A meta-analysis conducted in 2011 included 24 randomized trials in perioperative Dexamethasone, having as primary outcome pain scores (acute/late) and 24h opioid consumption. Their conclusions were that an intermediate dose of 0.11-0.2 mg/kg (more clearly with preoperative administration) had opioid-sparing effects, less nausea/vomiting and lower pain scores [33].

In a recent updated Cochrane review on patient controlled opioid analgesia versus non-patient controlled opioid analgesia in the treatment of postoperative pain author’s evaluated efficacy and safety as primary outcomes. Patients often preferred PCA and pain scores were slightly lower in this group, this can be attributed to a minor increase in opioid doses. Side effects were similar apart from higher pruritus presented in PCA group [34].

Based on previous studies and analyses performed by experts in the field we suggest a multimodal approach with specific recommendations grouped by levels of efficacy, safety and availability (Table 4). Our intention is merely to encourage the creation of protocols in each institution by the medical team including anesthesia, surgery, nurse staff and adjoined departments.

One of the most important limitations of this manuscript (literature review) is reliance on previously published studies and their proven appropriate methods and methodologies.

In the near future, multidisciplinary teams should be able to gradually introduce protocols in pain management of the obese patient in the preoperative as individual and multimodal regimens are supported by evidence. The aim is to reduce or eliminate the need for opiates therefore having less respiratory depression, nausea/vomiting and postoperative ileus. On the other hand, it is expected that researchers in the pharmaceutical industry, develop new generations of analgesics with better safety profile and higher efficacy.

Conclusion

WLs is a growing field in medicine; as surgical approaches become less invasive with new techniques, surgeons are able to lower complications and mortality to a minimum rate. Pain is rarely viewed as a complication thus its poor management in a wide proportion of postoperative patients. Obese patients require a special approach mainly because of cardiovascular risk factors, obesity itself and OSA, limiting both pharmacological and non-pharmacological treatments.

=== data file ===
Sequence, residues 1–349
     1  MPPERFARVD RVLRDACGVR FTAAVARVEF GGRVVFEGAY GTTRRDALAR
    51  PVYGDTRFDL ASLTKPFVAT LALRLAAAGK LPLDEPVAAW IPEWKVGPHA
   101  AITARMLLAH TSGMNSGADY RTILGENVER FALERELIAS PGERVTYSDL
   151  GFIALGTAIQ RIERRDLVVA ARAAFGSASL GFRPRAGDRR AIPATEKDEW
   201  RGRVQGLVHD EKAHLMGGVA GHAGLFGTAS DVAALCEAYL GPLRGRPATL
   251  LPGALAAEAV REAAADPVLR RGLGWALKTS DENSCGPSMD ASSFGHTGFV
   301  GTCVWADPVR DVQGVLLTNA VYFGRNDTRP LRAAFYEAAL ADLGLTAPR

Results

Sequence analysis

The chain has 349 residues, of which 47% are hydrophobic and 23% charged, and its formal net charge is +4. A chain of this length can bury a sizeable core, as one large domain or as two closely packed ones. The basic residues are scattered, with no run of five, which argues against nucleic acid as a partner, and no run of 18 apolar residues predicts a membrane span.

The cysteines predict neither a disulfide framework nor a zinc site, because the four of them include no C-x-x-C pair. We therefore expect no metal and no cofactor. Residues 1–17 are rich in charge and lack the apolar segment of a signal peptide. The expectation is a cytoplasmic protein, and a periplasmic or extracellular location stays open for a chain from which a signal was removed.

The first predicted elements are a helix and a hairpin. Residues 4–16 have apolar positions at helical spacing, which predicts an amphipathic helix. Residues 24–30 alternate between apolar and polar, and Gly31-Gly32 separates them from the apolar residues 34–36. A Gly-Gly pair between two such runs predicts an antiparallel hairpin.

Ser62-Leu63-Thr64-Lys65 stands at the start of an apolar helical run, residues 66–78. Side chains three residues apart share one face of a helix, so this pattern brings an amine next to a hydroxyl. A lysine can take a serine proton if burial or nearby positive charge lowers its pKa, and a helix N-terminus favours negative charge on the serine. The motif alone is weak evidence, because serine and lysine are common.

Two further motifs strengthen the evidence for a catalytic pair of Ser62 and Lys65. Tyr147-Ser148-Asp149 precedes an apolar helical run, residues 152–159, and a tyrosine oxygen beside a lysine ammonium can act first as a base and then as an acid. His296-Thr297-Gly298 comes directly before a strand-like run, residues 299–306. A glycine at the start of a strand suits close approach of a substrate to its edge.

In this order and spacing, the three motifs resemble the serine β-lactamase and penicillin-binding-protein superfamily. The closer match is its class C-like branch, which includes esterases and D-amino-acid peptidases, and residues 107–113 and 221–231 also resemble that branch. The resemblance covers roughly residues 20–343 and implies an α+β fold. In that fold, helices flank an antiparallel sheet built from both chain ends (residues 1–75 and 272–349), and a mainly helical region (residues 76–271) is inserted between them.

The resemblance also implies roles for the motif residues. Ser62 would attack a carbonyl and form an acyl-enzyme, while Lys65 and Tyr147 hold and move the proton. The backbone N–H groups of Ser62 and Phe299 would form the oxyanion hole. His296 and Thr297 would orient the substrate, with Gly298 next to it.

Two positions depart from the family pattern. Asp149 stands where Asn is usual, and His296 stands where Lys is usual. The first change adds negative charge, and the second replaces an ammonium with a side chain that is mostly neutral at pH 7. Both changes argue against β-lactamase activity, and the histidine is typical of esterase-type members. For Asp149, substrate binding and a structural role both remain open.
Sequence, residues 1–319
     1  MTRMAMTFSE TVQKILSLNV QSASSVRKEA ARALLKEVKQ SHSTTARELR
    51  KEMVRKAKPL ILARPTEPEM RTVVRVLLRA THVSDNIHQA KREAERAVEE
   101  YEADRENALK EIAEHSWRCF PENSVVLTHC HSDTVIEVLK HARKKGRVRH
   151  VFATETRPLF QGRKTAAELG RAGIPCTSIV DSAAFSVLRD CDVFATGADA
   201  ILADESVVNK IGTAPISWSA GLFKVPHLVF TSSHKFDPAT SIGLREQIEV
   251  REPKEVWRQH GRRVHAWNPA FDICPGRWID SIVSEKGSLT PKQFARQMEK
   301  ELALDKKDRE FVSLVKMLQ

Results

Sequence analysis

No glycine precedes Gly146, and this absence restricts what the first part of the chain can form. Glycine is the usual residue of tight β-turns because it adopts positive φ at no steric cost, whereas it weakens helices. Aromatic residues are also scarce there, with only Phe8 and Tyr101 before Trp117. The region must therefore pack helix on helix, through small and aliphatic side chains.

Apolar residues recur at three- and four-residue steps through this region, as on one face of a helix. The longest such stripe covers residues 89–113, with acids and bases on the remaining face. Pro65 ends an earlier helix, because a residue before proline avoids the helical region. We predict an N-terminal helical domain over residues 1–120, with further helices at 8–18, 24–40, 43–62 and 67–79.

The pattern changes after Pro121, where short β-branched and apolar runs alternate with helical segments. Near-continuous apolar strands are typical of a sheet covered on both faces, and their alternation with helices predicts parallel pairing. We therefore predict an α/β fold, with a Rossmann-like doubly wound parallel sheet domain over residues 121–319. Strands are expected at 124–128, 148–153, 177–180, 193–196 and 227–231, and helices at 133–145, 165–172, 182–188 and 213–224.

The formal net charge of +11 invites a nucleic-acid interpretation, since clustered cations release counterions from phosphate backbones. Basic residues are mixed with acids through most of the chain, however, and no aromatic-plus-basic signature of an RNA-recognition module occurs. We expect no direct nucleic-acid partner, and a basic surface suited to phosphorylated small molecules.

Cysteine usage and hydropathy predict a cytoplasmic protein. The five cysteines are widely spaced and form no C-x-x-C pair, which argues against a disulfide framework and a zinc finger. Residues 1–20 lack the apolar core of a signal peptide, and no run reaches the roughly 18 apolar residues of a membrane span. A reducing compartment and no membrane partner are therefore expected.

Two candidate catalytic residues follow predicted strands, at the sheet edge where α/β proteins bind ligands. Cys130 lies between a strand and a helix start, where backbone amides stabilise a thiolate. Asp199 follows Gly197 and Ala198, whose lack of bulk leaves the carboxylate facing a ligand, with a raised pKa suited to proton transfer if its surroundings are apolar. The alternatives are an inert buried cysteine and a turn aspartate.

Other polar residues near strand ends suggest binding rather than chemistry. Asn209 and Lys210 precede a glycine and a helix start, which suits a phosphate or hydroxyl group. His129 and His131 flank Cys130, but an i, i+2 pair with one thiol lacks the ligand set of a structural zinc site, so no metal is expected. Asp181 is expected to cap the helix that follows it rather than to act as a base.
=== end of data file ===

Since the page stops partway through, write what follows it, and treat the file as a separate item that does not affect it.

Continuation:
The need for opioid and pain experience reduction in the preoperative has encouraged the study and use of other alternatives. Specific, head-to-head studies and critical analyses of available data in bariatric surgery are yet to be conducted regarding multimodal analgesia and single therapeutic alternatives. There are institutional protocols based on preliminary encouraging results that have reduced main variables (pain scores, opioid use, mobilization and hospital stay), however randomized clinical trials are still needed to clarify preliminary data and establish international guidelines with strong evidence.

References

  1. Lopez PP, Stefan B, Schulman CI, Byers PM (2008) Prevalence of sleep apnea in morbidly obese patients who presented for weight loss surgery evaluation: more evidence for routine screening for obstructive sleep apnea before weight loss surgery. Am Surg 74(9): 834-838.
  2. Gupta RM, Parvizi J, Hanssen AD, Gay PC (2001) Postoperative complications in patients with obstructive sleep apnea syndrome undergoing hip or knee replacement: a case-control study. Mayo Clin Proc 76(9): 897-905.
  3. Borison HL (1977) Central nervous respiratory depressants-narcotic analgesics. Pharmacol Ther B 3(2): 227-237.
  4. Panchal SJ, Müller-Schwefe P, Wurzelmann JI (2007) Opioid-induced bowel dysfunction: prevalence, pathophysiology and burden. International Journal of Clinical Practice 61(7): 1181-1187.
  5. Chou R, Gordon DB, de Leon-Casasola O, Rosenberg JM, Stephen B, et al. (2016) Management of Postoperative Pain: A Clinical Practice Guideline from the American Pain Society, the American Society of Regional Anaesthesia and Pain Medicine, and the American Society of Anesthesiologists' Committee on Regional Anaesthesia, Executive Committee, and Administrative Council. J Pain 17(2): 131-157.
  6. Alimian M, Imani F, Faiz SH, Pournajafian A, Navadegi SF, et al. (2012) Effect of oral pregabalin premedication on post-operative pain in laparoscopic gastric bypass surgery. Anesth Pain Med 2(1): 12-16.
  7. Brogi E, Kazan R, Cyr S, Giunta F, Hemmerling TM (2016) Transversus abdominal plane block for postoperative analgesia: a systematic review and meta-analysis of randomized-controlled trials. Can J Anaesth 63(10): 1184-1196.
  8. Wassef M, Lee DY, Levine JL, Ross RE, Guend H, et al. (2013) Feasibility and analgesic efficacy of the transversus abdominis plane block after single-port laparoscopy in patients having bariatric surgery. J Pain Res 6: 837-841.
  9. Albrecht E, Kirkham KR, Endersby RV, Chan VW, Jackson T, et al. (2013) Ultrasound-guided transversus abdominis plane (TAP) block for laparoscopic gastric-bypass surgery: a prospective randomized controlled double-blinded trial. Obes Surg 23(8): 1309-1314.
  10. Ripollés J, Mezquita SM, Abad A, Calvo J (2015) Analgesic efficacy of the ultrasound-guided blockade of the transversus abdominis plane - a systematic review. Braz J Anesthesiol 65(4): 255-280.
  11. Sinha A, Jayaraman L, Punhani D (2013) Efficacy of ultrasound-guided transversus abdominis plane block after laparoscopic bariatric surgery: a double blind, randomized, controlled study. Obes Surg 23(4): 548-553.